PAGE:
What better way to herald autumn than the gorgeous gourd known as the pumpkin. Its vivacious orange signals another harvesting season come to completion; nature’s bounty in the form of pies, jack-o-lanterns, roasted seeds, and organic vegan smoothies awaits.
The pumpkin is truly a wonder, as it’s almost inseparable from the season itself. Far from just a vegetable, pumpkin has even been canonized in the form of latte and frozen yogurt; its coming is foretold of each year in hints of cinnamon, nutmeg, and fashionable boots.
Squash prophecy aside, perhaps the most amazing thing about the prolific pumpkin is the fact that, to many Americans who observe the Gregorian calendar, they are indistinguishable from domesticated canines. Not every pumpkin looks like a dog, of course, so we’ve gathered the following images to demonstrate in stark contrast the differences between Cucurbita pepo, the common North American pumpkin, and Canis familiaris, the domesticated dog.
The most common species of pumpkin is known for being squat and orange, growing from a tendril of vine. They are typically found in patches, although some intrepid gardeners find cement steps and centerpieces work just as well. Observe here, a pumpkin displayed in all of fall’s glory as a mantelpiece that truly makes a house a home.
Pumpkins are typically found near the end of the harvesting season, but greenhouse technology allows us to enjoy their beta carotene year-long. Some pumpkins are prized for sweetness and thin skin, for ease of use in pies, while others are known for making perfectly plump jack-o-lanterns. One thing the pumpkin is not, is a dog.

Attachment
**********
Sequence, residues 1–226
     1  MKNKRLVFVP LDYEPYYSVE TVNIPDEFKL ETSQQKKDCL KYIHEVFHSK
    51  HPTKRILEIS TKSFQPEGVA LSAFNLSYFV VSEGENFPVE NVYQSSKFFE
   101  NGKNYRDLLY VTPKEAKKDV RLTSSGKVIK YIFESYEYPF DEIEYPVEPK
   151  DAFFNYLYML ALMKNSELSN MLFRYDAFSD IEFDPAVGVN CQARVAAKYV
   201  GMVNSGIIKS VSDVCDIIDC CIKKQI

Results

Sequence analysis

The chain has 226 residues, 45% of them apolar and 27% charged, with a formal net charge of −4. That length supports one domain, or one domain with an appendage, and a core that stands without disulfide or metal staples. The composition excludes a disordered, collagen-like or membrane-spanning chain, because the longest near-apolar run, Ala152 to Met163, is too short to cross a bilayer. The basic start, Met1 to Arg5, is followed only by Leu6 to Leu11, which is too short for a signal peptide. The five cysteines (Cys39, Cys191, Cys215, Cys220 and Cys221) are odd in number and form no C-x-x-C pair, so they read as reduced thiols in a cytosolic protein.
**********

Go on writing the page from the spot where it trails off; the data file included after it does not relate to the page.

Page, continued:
Seen here, a pumpkin nears harvest as its foliage peels back, revealing its smooth orange outer shell. You can almost smell it.
While pumpkins are known for their squatness, their orangeness, their pumpkiness; dogs are inherently the opposite. There are no such thing as dog spice lattes, and for good reason. The boutique coffee industry would crumble under the demands. Dogs are also sentient creatures, they have emotions, and operate on a cognitive level that pumpkins and some humans will never ascend to.
Some of the smartest dogs have saved their humans from imminent danger, prevented serious crimes, and even rescued missing children. Pictured here, a government-employed drug-sniffing dog takes down Garcia Cartegena, ruthless cocaine lord of the Calenque Isles.
Americans love their dogs — sometimes a little too much. While it may seem cute to dress up a dog in a costume for Halloween, there are several reasons why you should be as minimal as possible, and avoid upsetting your pup. The all-too-common full-body costume is a veritable claustrophobic nightmare for some dogs, and should be avoided at all costs. You can still show off your pup’s potential with a flashy collar or some other small accessory, through.
Seen here, a neighborhood Halloween party featuring dogs of all sorts, each as happy as the next to be costume free, and none of them pumpkins. Notice the Weimaraners with their dazzling display, and the Corgi’s cute diorama. The bulldog looks a little keen on meeting that punch bowl, but what’s a Halloween party without a few spooky spills, right?
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